Yesterday, the Securities and Exchange Commission (SEC) unanimously approved the proposal of a new rule (the “Proposed Rule”) that would prohibit broker-dealers from granting their customers “unfiltered” or “naked” access to an exchange or alternative trading system (ATS). The text of the Proposed Rule is not yet available. Accordingly, the descriptions provided in this alert are based upon the SEC’s press release.

Under an arrangement known as “direct market access” or “sponsored access,” a broker-dealer provides to its customers the market participant identifier that the broker-dealer uses to gain electronic access to exchanges and ATSs, so that those customers can gain direct access to place their own orders. When such orders pass directly into the markets without being pre-screened and properly managed by broker-dealers, it is known as “unfiltered” access or “naked” access. Unfiltered or naked access poses risks, such as the placement of erroneous orders, noncompliance with regulatory requirements and/or violations of credit or capital limits.

The Proposed Rule would require broker-dealers to establish, document and maintain risk management controls and supervisory procedures aimed at preventing erroneous orders, ensuring compliance with regulatory requirements and enforcing pre-set credit or capital limits. Specifically, the Proposed Rule would require broker-dealers to:

  • create financial risk management controls reasonably designed to prevent the entry of orders that exceed appropriate pre-set credit or capital thresholds, or that appear to be erroneous;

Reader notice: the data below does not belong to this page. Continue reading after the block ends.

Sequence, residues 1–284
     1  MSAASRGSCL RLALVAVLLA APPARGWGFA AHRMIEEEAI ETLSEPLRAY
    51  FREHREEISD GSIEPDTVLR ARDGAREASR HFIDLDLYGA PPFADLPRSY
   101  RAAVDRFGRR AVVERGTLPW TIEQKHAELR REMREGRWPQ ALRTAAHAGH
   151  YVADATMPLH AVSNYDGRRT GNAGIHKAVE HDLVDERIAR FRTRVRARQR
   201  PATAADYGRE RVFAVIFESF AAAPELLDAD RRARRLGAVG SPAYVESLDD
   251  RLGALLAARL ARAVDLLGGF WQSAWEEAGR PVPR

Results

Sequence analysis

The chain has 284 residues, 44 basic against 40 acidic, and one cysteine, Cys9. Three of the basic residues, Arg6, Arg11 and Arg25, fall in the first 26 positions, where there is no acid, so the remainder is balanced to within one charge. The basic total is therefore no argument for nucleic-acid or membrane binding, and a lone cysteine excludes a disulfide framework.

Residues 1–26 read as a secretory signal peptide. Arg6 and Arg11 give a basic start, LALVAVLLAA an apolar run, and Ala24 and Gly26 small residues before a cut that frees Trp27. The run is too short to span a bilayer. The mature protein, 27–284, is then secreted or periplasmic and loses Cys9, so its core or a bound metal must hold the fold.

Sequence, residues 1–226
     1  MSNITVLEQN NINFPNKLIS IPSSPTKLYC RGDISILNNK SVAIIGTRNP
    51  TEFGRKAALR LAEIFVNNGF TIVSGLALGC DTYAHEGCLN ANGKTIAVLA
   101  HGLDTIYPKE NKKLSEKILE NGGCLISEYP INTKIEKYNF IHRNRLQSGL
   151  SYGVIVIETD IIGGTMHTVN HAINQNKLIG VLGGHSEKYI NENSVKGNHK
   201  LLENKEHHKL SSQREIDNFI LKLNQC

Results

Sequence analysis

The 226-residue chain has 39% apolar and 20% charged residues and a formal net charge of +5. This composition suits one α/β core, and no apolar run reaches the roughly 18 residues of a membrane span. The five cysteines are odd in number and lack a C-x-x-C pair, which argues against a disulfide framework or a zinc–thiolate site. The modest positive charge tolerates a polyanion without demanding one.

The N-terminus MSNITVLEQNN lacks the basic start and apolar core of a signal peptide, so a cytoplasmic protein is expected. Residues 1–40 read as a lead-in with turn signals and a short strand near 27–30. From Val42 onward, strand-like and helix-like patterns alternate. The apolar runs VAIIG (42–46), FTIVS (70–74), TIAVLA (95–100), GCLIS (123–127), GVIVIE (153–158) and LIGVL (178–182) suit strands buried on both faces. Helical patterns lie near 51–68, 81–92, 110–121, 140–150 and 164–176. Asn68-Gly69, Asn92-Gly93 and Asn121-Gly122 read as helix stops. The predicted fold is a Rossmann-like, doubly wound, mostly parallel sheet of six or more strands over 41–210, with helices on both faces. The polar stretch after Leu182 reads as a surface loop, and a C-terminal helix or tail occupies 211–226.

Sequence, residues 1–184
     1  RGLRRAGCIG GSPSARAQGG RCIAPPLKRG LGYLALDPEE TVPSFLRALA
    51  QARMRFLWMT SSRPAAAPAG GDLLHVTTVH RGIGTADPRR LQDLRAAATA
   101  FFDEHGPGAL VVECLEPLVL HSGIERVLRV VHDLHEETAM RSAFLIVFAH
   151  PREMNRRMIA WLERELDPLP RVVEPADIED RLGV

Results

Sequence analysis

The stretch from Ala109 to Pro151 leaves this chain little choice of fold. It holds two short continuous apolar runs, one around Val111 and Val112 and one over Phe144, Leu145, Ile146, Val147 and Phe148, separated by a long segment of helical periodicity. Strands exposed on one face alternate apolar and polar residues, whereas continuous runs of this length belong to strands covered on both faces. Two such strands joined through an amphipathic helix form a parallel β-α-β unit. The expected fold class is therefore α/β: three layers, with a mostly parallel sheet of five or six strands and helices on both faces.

• create regulatory risk management controls reasonably designed to ensure compliance with all regulatory requirements applicable in connection with market access;  
  • have financial and regulatory risk management controls applied automatically on a pre-trade basis before orders route to an exchange or ATS;  
  • maintain risk management controls and supervisory procedures under the direct and exclusive control of the broker-dealer with market access; and  
  • establish, document and maintain a system for regularly reviewing the effectiveness of its risk management controls and for promptly addressing any issues.  

The SEC also approved a new Nasdaq rule (the “Nasdaq Rule”) yesterday that requires broker-dealers who offer sponsored access to Nasdaq to put in place controls to manage the risks of such an offering. The Nasdaq Rule is more limited in scope than the Proposed Rule.  

The comment period on the Proposed Rule will be open for 60 days following the publication of the Proposed Rule in the Federal Register.